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A viral photo and fake Twitter account led people spurred outrage in Austin.
Given how quickly East Austin is gentrifying, it’s not too far-fetched to imagine a Chili’s popping up on a street corner—a scenario that played out in one of the better real-life trolls in recent memory.
Austin locals took up arms when it seemed like a new Chili’s would be built on East Sixth street, part of a popular hub for music and culture in downtown Austin. Photos on social media showed a building on a corner of Sixth street with Chili banners draped along the sides and posters that advertised the coming business. Someone even made a Twitter account under the name “Chili’s East Austin” to announce the new opening.
Yes, it's true. We can't wait to serve you East Austin! Follow us for updates #chilis
— Chili's East Austin (@chiliseast) July 12, 2017
Alas, the official Chili’s Twitter account debunked this new location, calling it #fakenews. People should’ve seen it coming—Chili’s are meant for suburban shopping centers, not downtown hotspots—but the pace of East Austin’s development made the hoax at somewhat believable.
— Chili's Grill & Bar (@Chilis) July 12, 2017
— 💬 (@sweetjohn) July 12, 2017
The news of this fake Chili’s really upset some locals, especially since the news came the same day NPR released a story about the displacement of East Austin’s population as result of gentrification—a fact that prankster was no doubt playing off of. East Austin is a historically black and Hispanic part of the city purposefully segregated back in the 1920s. Over the past decade, gentrification has pushed out locals on the East side and made Austin the only city with an increasing population but a simultaneously decreasing black population.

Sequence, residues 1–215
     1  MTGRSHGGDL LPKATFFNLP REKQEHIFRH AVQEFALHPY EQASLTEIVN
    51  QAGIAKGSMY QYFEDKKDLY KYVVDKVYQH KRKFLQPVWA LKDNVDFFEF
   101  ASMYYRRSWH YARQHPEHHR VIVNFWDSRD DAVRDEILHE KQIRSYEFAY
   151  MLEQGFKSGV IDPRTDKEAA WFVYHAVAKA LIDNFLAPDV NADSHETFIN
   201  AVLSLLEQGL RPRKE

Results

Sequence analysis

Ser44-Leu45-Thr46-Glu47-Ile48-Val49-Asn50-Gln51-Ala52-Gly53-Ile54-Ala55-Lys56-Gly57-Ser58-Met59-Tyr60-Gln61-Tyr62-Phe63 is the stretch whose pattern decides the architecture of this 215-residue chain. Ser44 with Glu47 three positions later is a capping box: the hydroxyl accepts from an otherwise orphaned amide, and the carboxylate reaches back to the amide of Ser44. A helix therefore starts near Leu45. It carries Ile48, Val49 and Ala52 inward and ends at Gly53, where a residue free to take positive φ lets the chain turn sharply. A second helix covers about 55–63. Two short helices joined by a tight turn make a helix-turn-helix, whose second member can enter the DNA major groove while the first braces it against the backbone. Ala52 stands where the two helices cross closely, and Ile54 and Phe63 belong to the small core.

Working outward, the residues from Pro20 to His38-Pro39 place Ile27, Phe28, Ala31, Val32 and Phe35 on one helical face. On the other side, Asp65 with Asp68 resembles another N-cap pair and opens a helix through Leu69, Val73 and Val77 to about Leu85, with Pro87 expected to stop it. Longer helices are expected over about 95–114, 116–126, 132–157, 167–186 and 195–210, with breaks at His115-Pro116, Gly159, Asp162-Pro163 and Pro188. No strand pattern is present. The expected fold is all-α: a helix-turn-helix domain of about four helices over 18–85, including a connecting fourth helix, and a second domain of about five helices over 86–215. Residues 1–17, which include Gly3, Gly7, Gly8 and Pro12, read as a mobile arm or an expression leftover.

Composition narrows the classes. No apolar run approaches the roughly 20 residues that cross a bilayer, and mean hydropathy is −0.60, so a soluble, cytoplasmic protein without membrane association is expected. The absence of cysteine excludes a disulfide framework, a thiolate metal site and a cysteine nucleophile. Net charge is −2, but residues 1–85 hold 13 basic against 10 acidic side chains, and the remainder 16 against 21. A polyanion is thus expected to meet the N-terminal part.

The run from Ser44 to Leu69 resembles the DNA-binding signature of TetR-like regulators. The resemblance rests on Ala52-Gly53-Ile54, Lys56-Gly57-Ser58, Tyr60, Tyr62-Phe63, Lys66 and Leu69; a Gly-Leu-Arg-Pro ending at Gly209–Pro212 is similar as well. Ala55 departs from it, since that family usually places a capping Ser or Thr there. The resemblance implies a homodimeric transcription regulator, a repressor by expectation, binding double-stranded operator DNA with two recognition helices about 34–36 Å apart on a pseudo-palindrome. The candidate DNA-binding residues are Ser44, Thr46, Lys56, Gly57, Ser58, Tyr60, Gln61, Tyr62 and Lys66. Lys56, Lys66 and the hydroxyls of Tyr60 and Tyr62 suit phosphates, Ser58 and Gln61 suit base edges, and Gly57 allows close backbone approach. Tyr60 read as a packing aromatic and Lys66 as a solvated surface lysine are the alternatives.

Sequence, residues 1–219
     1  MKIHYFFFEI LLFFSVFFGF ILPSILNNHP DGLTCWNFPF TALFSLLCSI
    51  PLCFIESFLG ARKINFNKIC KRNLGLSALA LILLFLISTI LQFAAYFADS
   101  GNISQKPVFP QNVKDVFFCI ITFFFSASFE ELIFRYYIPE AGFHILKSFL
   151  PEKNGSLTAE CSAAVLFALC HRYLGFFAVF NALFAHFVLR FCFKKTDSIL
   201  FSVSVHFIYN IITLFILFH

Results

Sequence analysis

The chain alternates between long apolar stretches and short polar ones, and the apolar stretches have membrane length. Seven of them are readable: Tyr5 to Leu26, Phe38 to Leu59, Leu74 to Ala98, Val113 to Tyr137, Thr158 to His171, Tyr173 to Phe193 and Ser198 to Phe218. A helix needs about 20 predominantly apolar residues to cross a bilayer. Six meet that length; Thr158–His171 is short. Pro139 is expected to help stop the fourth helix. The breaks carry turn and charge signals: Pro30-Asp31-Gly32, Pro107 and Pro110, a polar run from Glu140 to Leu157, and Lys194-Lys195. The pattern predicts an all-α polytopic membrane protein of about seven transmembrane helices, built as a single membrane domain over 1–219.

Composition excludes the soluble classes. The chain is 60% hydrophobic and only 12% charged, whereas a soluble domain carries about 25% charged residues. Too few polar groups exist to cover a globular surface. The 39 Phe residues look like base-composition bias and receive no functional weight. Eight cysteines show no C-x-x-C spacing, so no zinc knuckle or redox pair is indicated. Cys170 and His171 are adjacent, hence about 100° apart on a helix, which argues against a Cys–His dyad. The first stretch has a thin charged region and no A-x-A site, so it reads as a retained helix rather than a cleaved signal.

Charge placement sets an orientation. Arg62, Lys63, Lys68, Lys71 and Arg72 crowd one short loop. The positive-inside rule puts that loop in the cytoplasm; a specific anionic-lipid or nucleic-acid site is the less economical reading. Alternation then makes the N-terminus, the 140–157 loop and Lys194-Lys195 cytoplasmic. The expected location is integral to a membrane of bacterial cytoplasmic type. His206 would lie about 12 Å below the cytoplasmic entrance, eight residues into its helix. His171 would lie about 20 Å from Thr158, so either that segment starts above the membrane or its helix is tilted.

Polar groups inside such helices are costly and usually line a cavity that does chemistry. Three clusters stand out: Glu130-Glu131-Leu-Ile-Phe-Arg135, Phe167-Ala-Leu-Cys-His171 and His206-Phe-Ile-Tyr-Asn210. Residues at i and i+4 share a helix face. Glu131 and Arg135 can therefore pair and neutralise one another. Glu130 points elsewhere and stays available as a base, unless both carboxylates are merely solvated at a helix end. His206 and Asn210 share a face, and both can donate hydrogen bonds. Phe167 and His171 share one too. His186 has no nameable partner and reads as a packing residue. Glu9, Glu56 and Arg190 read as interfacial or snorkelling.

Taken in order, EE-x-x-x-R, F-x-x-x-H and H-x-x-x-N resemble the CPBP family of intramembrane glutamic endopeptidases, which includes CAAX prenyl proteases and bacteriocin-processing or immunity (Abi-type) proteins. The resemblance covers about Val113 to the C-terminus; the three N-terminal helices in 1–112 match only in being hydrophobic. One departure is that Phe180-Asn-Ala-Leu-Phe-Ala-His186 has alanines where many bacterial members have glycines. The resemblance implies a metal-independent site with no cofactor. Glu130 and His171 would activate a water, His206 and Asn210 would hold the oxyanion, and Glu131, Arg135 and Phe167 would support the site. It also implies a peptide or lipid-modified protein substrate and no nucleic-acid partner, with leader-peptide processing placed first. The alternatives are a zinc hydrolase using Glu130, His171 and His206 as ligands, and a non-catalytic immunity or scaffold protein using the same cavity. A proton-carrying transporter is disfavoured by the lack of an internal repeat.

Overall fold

Although we know Chili’s in not going to be taking over the property, it’s unclear at the moment what will be built there in the coming months. According to Austin360, the property was purchased last year by a group named 1200 East 6th Partners LLC.
Property on the East side keeps going up in value, and a spot like the one the fake Chili’s was going to inhabit is a coveted space for new businesses hoping to be the center of a now bustling hub of new restaurants, venues, and nightlife—at the expense of the continued displacement of residents of color and their businesses. The Chili’s troll could be the ultimate comment on this troubling trend.
Sarah Jasmine Montgomery is a Daily Dot contributor whose writing and criticism cover all things pop culture, with an emphasis on how communities of color impact physical and digital cultural spaces. Her writing and photography have also appeared in Texas Monthly, the Fader, Complex, and Billboard.